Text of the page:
You love being outdoors and refuse to be put off by the wind and bad weather? With these tips, you won’t need to abandon your outdoor adventure even when the temperature plummets:
1. A great combination for warm hands.
We’re sure you know about the onion principle. We recommend using it on your hands, not just your body. Instead of thick gloves, simply go for a combination of thin gloves with thicker mittens over them. What’s important here is that the gloves are not too thick, so that the individual fingers can give off heat to the mittens and these can provide the necessary insulation. For example, silk fabrics are ideal. If you would like to warm your hands from the inside too, you should make sure you have a spicy snack or drink with you. Chilli, ginger, pepper and the like stimulate the circulation, ensuring optimum heat distribution right down to the tips of your fingers.
2. Head first.
The body loses much of its heat through the head, so a thick woolly hat is a must-have for cold days. Combined with a tubular scarf, which you can also use to protect your face if necessary, this will protect your head perfectly.
3. On your toes.
Your feet should also be well protected, because if they get cold, your whole body will feel cold too. If you wear waterproof shoes, moisture builds up in the shoe and your feet will give off heat, making them feel even colder due to evaporation. For the best insulation, you should use thermal insoles. Make sure that your shoes are not too tight, with or without thermal insoles, since an additional insulating layer of air (as in the onion principle) needs to form around your foot.
4. Natural warmth from inside
In addition to proper clothing, you can also beat the cold through what you eat and drink:
Spicy seasoning such as ginger, chilli, pepper and the like stimulate the circulation and help improve the distribution of heat around the body. Ideally, you should drink a cup of ginger tea before leaving home – simply cut 2 cm of freshly peeled ginger into small pieces and pour hot water over it. You can keep the rest to take out with you in one of our vacuum flasks, so that you can keep topping up your heat stores. If tea’s not your thing, try a spicy vegetable soup. You can eat this at home before your trip, of course, or simply pour it into one of our food jugs and enjoy it while you’re out.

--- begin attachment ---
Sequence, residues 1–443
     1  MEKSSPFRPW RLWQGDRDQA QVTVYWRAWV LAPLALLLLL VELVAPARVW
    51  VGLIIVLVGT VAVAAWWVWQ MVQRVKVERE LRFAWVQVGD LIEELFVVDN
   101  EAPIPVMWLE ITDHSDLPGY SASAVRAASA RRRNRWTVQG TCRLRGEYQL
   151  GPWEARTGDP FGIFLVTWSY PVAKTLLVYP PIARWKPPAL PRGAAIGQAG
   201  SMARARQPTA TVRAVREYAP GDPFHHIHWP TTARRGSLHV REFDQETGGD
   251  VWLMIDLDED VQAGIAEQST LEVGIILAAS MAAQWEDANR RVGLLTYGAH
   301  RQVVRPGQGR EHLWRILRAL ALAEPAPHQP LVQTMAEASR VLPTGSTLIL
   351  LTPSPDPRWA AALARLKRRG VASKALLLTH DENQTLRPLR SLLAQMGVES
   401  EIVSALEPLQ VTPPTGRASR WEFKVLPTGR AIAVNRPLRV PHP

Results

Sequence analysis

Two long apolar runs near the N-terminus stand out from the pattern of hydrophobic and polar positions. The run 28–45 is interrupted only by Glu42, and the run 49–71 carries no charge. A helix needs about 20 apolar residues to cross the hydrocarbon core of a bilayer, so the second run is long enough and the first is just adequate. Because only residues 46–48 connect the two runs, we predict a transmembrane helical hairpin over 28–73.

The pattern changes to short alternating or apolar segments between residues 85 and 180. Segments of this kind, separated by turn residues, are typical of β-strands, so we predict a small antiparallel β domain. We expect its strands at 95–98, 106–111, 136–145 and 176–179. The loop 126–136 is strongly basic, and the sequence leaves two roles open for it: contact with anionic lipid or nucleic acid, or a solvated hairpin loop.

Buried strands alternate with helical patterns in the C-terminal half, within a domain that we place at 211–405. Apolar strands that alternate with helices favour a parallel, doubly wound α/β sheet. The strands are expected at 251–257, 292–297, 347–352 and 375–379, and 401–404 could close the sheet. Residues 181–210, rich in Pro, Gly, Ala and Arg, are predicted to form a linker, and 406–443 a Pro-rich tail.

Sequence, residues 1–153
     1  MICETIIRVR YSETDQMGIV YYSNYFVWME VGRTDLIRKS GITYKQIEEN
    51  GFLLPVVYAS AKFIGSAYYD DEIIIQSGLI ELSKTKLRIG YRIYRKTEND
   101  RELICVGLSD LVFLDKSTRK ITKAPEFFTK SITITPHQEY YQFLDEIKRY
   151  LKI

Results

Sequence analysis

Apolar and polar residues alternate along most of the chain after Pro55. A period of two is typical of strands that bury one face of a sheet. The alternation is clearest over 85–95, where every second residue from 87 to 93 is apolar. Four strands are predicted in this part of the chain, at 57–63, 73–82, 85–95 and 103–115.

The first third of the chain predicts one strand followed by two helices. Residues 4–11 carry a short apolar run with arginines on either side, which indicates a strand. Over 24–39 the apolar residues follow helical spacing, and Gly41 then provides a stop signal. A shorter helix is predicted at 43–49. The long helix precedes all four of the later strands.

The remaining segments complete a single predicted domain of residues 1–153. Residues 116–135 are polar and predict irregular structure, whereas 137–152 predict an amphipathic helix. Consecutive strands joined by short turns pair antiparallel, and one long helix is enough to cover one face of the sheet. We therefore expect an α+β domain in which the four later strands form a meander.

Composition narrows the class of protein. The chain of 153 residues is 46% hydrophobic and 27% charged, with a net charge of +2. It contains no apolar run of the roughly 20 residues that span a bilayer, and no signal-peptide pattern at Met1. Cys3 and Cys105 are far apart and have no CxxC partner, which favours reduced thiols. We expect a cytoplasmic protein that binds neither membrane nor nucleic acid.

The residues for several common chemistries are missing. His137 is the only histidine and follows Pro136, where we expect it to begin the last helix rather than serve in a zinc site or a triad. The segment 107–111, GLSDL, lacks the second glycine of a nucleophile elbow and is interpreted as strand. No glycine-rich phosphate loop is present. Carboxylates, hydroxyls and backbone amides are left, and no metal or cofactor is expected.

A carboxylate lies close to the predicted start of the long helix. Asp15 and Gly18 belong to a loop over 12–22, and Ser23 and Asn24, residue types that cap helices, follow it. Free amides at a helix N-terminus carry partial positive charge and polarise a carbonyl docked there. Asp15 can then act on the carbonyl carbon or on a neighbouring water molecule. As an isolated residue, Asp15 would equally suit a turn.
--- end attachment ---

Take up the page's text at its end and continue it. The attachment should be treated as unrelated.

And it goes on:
After all, how often you eat and drink is just as important as what you eat and drink. If your body is lacking nutrition and fluids when you’re out, your circulation is reduced, and then your hands and feet are the first to suffer from the cold.
5. Mental attitude – not to be underestimated.
It’s almost incredible, but your attitude to the cold, wind and rain has a massive influence on your perception. If you meet icy temperatures with a positive feeling, it won’t stop you from freezing, but it will help you handle it and make sure you don’t feel cold as quickly. So, think warm thoughts!
6. Toughening up: Practice makes perfect.
Habit, as much as mental attitude, also has a major role to play in our perception of cold. If you spend most of your time, for example, in well heated rooms and rarely venture outside the door, then the lower temperatures will seem colder to you. If you’re outdoors frequently, and face the wind and weather, your body gets more used to these conditions and you’ll feel the cold more slowly.
You can start toughening yourself up when you take a shower each day: Shower in hot and cold water alternately. This – like spicy food and drink – stimulates the circulation and the metabolism; at the same time, your body learns to deal with changing temperatures.
Further vacuum flasks
Text: Julia Kunze